The project encompasses five international performance festivals: Madison USA (May 2016), Leeds and York (April and June 2016), the Czech Republic (September 2016), Sydney (August 2017) and Cape Town (September 2017). Partners include the University of York, Sydney Conservatorium of Music and the University of Wisconsin-Madison.

Further information:

  • For more information about ‘Out of the Shadows: rediscovering Jewish music and theatre’, visit:
  • The project is funded by the Arts and Humanities Research Council (AHRC). For further information, visit:
  • The Smoke of Home (Dým domova) was written by Czech Jews Zdeněk Eliáš and Jiří Stein in 1943

A full list of events is below. For full details, prices and bookings, visit or call 0113 343 2574.

  • ‘The Smoke of Home’ - Saturday 16 and Sunday 17 April, 8pm and 9.30pm, Clifford’s Tower, York;
  • ‘Exhibition: Children’s drawing from Terezín’
    June 2016 (all month), Holy Trinity Church, Leeds;
  • ‘Gideon Klein: Portrait of a composer’, Cassia String Quartet
    Wednesday 1 June, 7.30pm, Holy Trinity Church, Leeds
    Pre-concert conversation with Terezín survivor Zdenka Fantlová;
  • ‘Harlequin in the Ghetto’ - Thursday 2 June – Sunday 5 June, 7.30pm, The Black Box, University of York. Pre-performance talk with Professor Rebecca Rovit on opening night; a Q&A session will be held after each performance;
  • ‘Make once more my heart thy home: The choral music of Hans Gál’, Clothworkers Consort of Leeds;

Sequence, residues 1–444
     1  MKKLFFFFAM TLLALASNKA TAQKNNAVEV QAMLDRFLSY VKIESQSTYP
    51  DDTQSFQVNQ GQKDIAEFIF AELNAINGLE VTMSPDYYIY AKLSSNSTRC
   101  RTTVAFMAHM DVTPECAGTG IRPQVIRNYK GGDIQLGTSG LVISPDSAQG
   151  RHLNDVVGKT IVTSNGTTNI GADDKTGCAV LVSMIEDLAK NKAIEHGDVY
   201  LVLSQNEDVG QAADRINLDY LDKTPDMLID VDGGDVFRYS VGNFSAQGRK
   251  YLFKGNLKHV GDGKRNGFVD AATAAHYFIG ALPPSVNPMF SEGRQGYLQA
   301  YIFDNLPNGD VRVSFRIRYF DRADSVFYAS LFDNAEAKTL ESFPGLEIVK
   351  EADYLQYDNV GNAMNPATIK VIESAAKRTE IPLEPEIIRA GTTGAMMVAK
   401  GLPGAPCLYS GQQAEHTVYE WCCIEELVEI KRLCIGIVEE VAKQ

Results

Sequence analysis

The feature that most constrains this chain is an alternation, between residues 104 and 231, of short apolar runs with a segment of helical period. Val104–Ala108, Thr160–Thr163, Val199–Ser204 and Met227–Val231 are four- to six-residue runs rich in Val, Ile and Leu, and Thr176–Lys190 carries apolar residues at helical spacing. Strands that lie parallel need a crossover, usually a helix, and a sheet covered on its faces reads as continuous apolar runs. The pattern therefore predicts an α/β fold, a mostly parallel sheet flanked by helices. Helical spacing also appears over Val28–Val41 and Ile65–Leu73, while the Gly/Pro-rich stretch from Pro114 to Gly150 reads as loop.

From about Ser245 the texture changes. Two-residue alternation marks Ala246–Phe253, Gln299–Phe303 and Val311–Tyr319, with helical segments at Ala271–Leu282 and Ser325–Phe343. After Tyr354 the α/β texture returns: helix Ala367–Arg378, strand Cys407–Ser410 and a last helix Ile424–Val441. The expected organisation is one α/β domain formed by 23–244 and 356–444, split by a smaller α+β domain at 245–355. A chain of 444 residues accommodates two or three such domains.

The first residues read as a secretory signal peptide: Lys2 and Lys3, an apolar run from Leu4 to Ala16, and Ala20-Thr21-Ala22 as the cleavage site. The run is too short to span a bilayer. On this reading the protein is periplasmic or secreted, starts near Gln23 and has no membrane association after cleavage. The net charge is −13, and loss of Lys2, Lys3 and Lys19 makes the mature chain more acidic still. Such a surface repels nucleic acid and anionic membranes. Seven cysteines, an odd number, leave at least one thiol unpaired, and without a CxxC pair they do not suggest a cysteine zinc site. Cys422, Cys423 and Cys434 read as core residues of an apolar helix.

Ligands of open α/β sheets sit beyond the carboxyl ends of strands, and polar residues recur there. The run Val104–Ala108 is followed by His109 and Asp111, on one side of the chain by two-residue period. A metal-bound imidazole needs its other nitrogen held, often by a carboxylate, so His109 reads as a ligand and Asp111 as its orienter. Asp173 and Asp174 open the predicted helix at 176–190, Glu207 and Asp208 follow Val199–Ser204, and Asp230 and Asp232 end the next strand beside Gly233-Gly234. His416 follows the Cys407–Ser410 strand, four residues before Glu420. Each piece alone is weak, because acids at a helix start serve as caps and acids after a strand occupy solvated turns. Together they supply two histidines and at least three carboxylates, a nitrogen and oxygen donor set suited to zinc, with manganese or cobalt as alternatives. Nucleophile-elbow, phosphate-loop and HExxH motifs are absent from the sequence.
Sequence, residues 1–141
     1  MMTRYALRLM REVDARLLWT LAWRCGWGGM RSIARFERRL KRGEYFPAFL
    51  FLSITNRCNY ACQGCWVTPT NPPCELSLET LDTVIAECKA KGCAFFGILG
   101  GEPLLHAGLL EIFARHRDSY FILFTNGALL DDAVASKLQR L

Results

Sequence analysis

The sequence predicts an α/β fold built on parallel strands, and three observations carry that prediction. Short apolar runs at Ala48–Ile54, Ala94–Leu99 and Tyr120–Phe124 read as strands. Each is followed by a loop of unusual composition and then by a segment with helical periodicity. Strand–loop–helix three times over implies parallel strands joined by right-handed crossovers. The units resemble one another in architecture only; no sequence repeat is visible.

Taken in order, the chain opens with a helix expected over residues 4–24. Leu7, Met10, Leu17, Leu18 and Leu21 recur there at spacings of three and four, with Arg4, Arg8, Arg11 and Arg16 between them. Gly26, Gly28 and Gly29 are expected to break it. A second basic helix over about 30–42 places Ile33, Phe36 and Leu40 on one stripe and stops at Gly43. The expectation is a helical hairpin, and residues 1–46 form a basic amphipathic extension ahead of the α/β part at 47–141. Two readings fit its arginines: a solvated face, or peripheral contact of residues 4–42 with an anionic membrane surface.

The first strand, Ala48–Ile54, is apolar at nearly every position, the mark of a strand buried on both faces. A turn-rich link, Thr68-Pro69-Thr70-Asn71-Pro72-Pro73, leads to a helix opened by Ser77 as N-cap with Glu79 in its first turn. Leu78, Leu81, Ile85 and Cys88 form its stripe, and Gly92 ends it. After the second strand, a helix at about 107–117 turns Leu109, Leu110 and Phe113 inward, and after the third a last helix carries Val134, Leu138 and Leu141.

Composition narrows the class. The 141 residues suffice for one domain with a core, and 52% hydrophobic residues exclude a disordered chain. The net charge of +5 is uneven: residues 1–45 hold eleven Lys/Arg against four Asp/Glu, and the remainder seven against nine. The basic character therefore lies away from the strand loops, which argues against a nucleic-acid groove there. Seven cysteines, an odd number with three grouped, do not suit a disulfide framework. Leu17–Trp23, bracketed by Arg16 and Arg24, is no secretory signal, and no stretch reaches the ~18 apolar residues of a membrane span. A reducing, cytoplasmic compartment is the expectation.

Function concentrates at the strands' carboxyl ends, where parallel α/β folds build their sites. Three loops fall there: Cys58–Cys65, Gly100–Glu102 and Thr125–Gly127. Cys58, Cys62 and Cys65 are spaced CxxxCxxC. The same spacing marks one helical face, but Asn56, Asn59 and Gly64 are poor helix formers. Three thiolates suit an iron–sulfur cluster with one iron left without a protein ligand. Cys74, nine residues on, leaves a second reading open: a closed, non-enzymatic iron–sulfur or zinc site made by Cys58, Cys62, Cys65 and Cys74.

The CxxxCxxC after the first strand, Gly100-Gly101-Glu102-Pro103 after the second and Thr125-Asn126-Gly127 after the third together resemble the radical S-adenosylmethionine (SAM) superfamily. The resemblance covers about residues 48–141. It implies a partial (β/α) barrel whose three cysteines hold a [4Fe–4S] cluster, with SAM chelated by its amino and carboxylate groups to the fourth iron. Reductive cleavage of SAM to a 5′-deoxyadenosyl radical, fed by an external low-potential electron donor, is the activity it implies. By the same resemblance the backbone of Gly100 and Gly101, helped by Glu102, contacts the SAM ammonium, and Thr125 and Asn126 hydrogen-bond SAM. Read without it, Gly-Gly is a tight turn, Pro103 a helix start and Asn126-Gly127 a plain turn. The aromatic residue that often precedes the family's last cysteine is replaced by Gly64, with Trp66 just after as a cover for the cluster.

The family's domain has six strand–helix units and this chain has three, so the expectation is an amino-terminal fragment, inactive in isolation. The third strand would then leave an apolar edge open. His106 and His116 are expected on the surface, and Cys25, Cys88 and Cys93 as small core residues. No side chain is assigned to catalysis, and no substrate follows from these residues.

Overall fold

Sunday 5 June, 3pm, Clothworkers’ Centenary Concert Hall, University of Leeds
  • Friday 10 June, 7.30pm, National Centre for Early Music, York
    Pre-concert conversation with the composer’s daughter, Eva Fox-Gál;
  • ‘The Nash Ensemble: Music in the Terezín Ghetto’
    Wednesday 8 June, 7.15pm, Howard Assembly Room, Leeds;
  • ‘Mother Rachel and her children: A rediscovered oratorio’, LUUMS Chamber Choir
    Thursday 9 June, 7.30pm, Left Bank Leeds;
  • ‘Fractured lives: Music of the Holocaust’, Noreen and Philip Silver (cello and piano),
    Tuesday 14 June, 7.30pm, Holy Trinity Church, Leeds
    Wednesday 15 June, 1pm, All Saints’ Pavement, York;
  • ‘The New Budapest Orpheum Society: Jewish cabaret tradition’
    Thursday 16 June, 7.30pm, National Centre for Early Music, York
    Saturday 18 June, 7.30pm, Clothworkers’ Centenary Concert Hall, University of Leeds;
  • ‘Fate and Fairytales: the music of Wilhelm Grosz and Zikmund Schul’, Ian Buckle (piano), Kate Rotheroe (soprano), Cassia String Quartet
    Friday 17 June, 1.05pm, Clothworkers’ Centenary Concert Hall, University of Leeds;
  • ‘A chronicle of love and death’, Philip Bohlman (narrator), Christine Wilkie Bohlman (piano)
    Friday 17 June, 6pm, Holy Trinity Church, Leeds;
  • ‘Looking forward through the past: New operas from the Jewish Archive’, Royal Northern College of Music Opera Group
    Thursday 23 June, 8pm, Clothworkers’ Centenary Concert Hall, University of Leeds.